This week swimming at Westside, I have been reminded of a general truth about swimming pools: wherever you go, the kickboards have bite marks. I don’t understand this phenomenon; I swam for years as a child, and I’ve swum for years as an adult, and I’ve never wanted to bite a kickboard. But there are a lot of people in the world, and we all want different things, and it seems many of us want to sink our teeth into a piece of foam, because there are always bite marks, little crescents of tooth prints, along the edges of the boards.
Westside is a beautiful pool, recently renovated, but the kickboards are antediluvian; I imagine elephants and tigers swimming alongside Noah’s ark, two by two, doing their kick sets with these boards, while waiting for the waters to recede. The kickboards at Furman are newer, and I have a favorite kind (yellow, slightly flexible); some of them have had “R.I.P.” written on them in black Sharpie to make them look like yellow tombstones, which is not completely unfunny. Maybe for my grave I can have a yellow kickboard tombstone, with my name and my dates and bite marks along the edges.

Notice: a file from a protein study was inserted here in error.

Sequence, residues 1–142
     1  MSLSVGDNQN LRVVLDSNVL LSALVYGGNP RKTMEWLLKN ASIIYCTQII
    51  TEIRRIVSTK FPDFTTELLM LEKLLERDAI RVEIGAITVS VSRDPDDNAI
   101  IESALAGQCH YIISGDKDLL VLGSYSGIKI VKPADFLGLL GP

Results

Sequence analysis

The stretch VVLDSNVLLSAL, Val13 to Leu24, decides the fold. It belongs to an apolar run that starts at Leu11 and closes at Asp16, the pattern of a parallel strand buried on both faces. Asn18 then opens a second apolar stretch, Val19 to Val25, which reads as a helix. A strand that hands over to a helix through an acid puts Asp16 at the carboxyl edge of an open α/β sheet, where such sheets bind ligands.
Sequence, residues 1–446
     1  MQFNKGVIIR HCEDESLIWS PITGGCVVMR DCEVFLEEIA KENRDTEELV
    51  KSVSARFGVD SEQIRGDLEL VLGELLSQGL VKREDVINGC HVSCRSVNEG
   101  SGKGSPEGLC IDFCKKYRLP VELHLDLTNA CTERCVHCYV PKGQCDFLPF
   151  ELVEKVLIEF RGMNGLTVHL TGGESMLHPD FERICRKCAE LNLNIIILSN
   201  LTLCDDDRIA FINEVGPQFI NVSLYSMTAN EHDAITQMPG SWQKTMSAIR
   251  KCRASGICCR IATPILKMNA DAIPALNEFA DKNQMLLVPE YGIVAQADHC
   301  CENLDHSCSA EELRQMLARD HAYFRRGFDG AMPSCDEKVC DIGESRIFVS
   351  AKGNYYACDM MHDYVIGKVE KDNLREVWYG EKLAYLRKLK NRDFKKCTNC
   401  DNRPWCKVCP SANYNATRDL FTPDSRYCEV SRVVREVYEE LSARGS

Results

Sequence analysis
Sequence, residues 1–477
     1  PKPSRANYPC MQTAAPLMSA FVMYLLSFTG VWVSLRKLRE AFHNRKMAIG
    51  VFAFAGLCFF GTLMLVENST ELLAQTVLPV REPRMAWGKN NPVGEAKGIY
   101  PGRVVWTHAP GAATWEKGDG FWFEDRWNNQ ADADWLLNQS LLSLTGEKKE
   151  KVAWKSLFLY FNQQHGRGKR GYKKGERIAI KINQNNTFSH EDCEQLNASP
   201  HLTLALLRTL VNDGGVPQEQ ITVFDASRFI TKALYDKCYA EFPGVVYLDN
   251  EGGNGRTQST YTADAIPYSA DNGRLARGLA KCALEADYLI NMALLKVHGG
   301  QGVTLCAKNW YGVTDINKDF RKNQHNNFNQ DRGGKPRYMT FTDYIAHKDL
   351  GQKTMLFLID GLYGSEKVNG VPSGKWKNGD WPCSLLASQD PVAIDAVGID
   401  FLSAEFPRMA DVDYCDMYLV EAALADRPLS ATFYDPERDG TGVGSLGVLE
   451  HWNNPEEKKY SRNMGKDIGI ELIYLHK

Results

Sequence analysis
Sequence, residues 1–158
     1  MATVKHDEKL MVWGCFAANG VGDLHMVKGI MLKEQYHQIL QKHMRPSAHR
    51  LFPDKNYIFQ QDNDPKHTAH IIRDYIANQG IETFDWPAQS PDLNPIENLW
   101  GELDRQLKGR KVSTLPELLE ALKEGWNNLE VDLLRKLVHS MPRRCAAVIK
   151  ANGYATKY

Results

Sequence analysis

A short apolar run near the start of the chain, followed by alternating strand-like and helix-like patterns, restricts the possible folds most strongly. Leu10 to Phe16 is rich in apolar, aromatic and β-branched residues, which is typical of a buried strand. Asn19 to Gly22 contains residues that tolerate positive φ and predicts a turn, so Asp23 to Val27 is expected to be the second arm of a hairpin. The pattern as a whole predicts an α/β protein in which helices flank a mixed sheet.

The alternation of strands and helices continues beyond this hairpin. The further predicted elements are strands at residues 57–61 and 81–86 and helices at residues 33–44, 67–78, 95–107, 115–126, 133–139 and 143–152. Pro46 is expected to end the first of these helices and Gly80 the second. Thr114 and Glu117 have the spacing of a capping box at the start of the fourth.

Every pool I’ve ever been in has had kickboards for swimmers to use. But when I went to the Kroc Center a few months ago, I couldn’t find them. While I was looking, a lifeguard approached me and told me that I could get a board at the desk. The board they gave me was hard plastic, shaped like a small shield. I liked it a lot, because it floated low in the water (you want your kickboard to be low in the water, so that it isn’t aggravating your shoulders; there’s a man at my pool who kicks with two kickboards in a little stack, and I wince for his shoulders when I see him). Anyhow, I have ordered myself one, and I will soon be one of those posh swimmers who bring their own kickboards to the pool.
It seems to me that I could bite on my new kickboard in times of rage, and I would look like the Lewis chessmen berserker.
US Masters Swimming is running a postal competition during the month of December, the 400 Kick for Time, where you get a friend to time you in your own pool and you kick the fastest 400 yards you can, no fins. You send in the time via a website (the postals are postal in name only these days). Winners get universal acclaim; everyone gets a t-shirt.